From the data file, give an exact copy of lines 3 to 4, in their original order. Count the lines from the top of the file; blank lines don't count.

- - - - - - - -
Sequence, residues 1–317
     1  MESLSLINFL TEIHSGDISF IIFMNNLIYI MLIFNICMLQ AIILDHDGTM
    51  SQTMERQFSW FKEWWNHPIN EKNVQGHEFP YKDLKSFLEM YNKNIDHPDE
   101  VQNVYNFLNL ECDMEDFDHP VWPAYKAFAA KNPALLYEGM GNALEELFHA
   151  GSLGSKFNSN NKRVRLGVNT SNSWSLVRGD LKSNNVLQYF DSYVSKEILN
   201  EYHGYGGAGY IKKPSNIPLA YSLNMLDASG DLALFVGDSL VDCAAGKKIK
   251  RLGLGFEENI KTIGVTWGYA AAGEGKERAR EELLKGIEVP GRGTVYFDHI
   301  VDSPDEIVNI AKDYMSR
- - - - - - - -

    51  SQTMERQFSW FKEWWNHPIN EKNVQGHEFP YKDLKSFLEM YNKNIDHPDE
   101  VQNVYNFLNL ECDMEDFDHP VWPAYKAFAA KNPALLYEGM GNALEELFHA